Amanita muscaria on the First Nature Web site.
Amanita muscaria var. flavivolvata on the MushroomExpert.Com Web site.
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Amanita pantherina   (Panther Amanita)
Family
Amanitaceae
Location
North America, Europe, Western Asia
Dimensions
Cap 5-10 cm diameter, stem 8-12 cm tall * 1-1.5 cm diameter
Edibility
Poisonous

Description
Amanita pantherina, also known as the Panther cap or Panther amanita, is a medium to large fleshy agaric with brownish cap, pure white patches, white stem, ring, bulbous base with distinct margin. It grows solitary or in small groups on soil under conifers or in mixed hardwood-conifer forests.

Cap shiny brown or grey-brown with a very finely striate margin, initially domed, later flatten, with densely distributed warts that are pure white to sordid cream, minutely verruculose and easily removable. Gills free, close to crowded, white becoming greyish, truncate. Stem subcylindrical, somewhat narrowing upward, white, becoming slightly tannish in age, stuffed then hollow, finely floccose becoming smooth above the white ring that is initially quite chunky but often becomes thin and floppy in more mature specimens, sometimes with a toothed edge.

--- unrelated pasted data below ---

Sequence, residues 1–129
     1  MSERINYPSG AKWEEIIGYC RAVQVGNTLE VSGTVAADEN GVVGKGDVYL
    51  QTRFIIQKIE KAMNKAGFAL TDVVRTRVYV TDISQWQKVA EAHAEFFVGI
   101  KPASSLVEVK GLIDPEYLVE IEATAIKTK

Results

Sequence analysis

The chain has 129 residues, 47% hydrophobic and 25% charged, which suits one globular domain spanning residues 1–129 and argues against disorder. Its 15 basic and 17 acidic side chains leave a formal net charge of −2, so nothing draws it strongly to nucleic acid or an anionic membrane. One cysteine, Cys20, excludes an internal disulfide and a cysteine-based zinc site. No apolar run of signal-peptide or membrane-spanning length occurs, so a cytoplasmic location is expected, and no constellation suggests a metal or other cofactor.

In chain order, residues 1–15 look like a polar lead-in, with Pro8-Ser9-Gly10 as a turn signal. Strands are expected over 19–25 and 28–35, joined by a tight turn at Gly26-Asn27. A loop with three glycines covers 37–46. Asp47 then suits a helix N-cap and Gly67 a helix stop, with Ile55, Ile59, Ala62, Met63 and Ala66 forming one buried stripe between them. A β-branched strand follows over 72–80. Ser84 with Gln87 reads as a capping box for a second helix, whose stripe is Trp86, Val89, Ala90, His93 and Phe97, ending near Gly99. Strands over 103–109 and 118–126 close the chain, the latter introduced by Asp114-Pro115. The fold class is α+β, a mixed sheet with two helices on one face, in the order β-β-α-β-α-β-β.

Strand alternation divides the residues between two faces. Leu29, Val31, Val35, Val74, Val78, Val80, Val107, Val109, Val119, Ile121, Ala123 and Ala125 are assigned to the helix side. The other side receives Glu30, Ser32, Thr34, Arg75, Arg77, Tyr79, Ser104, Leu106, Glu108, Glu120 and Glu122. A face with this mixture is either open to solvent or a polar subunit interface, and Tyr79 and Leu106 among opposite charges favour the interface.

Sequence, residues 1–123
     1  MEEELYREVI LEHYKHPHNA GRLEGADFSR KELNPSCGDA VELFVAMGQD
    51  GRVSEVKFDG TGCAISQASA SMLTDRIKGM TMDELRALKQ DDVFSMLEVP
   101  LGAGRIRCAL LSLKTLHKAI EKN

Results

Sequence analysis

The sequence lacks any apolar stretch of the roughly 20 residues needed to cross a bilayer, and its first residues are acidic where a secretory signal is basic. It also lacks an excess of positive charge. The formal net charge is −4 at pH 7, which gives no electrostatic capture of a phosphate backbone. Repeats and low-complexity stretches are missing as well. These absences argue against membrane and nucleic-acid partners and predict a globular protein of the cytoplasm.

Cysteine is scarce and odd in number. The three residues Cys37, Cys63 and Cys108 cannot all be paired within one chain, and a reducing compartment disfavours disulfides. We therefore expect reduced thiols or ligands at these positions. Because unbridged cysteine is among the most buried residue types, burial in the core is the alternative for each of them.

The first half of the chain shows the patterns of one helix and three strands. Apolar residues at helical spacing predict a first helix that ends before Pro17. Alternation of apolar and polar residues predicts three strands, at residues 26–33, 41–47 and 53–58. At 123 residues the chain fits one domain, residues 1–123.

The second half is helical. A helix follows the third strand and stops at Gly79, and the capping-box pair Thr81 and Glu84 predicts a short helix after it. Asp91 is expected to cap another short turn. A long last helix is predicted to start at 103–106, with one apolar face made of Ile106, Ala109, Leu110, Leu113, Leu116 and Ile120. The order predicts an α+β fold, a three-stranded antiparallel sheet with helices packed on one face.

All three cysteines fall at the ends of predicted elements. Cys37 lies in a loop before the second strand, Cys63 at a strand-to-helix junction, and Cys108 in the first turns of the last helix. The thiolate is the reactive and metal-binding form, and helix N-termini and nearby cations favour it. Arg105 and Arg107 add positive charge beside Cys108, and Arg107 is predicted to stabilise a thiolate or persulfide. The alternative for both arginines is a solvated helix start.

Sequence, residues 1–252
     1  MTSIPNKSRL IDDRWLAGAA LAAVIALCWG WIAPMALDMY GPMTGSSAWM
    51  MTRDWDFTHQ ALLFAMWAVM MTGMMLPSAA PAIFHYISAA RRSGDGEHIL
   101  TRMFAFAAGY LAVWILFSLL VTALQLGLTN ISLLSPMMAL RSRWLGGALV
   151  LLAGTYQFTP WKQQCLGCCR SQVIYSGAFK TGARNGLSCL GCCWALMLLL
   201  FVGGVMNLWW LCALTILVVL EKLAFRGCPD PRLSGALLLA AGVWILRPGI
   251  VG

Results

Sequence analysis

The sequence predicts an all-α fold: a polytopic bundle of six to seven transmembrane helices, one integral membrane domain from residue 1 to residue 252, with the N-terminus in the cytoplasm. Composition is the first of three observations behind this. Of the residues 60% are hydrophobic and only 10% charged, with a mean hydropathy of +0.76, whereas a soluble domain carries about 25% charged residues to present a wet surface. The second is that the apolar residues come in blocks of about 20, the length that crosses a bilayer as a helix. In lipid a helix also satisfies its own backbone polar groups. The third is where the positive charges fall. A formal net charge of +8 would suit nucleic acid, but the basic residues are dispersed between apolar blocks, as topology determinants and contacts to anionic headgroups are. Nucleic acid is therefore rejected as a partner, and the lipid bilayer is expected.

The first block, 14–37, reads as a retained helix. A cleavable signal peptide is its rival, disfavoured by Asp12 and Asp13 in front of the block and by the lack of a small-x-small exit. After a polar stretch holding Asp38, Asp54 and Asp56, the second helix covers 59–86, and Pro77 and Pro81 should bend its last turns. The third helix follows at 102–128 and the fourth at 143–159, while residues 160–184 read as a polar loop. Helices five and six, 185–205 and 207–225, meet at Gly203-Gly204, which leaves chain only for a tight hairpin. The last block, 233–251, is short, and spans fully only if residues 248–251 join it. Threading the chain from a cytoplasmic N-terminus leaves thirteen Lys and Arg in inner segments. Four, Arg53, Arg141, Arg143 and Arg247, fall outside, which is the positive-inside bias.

Amanita pantherina on the First Nature Web site.
Amanita pantherina on the MushroomExpert.Com Web site.
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Amanita phalloides   (Death Cap Amanita)
Family
Amanitaceae
Location
North America, Europe
Dimensions
Cap 6-12 cm diameter, stem 7-12 cm tall * 1 - 1.5 cm thick
Edibility
Lethally poisonous

Description
This is a lethally poisonous, medium to large, fleshy agaric with greenish olive cap, whitish stem, ring, no patches but distinctive volval sheath. As the volva, which may be hidden by leaf litter, is a distinctive and diagnostic feature. It is important to remove some debris to check for it.

Cap at first round to egg-shaped and then flat. Varies greatly in colour from grey-white to green and yellow-brown and has dark radial lines from the center. Sometimes with lots of veil remnants. Gills free, close, white, can turn yellow. Stem white with a scattering of greyish-olive scales and with a swollen, ragged, sac-like white volva (base). Ring white or coloured like the stem, broad, thin, persistent.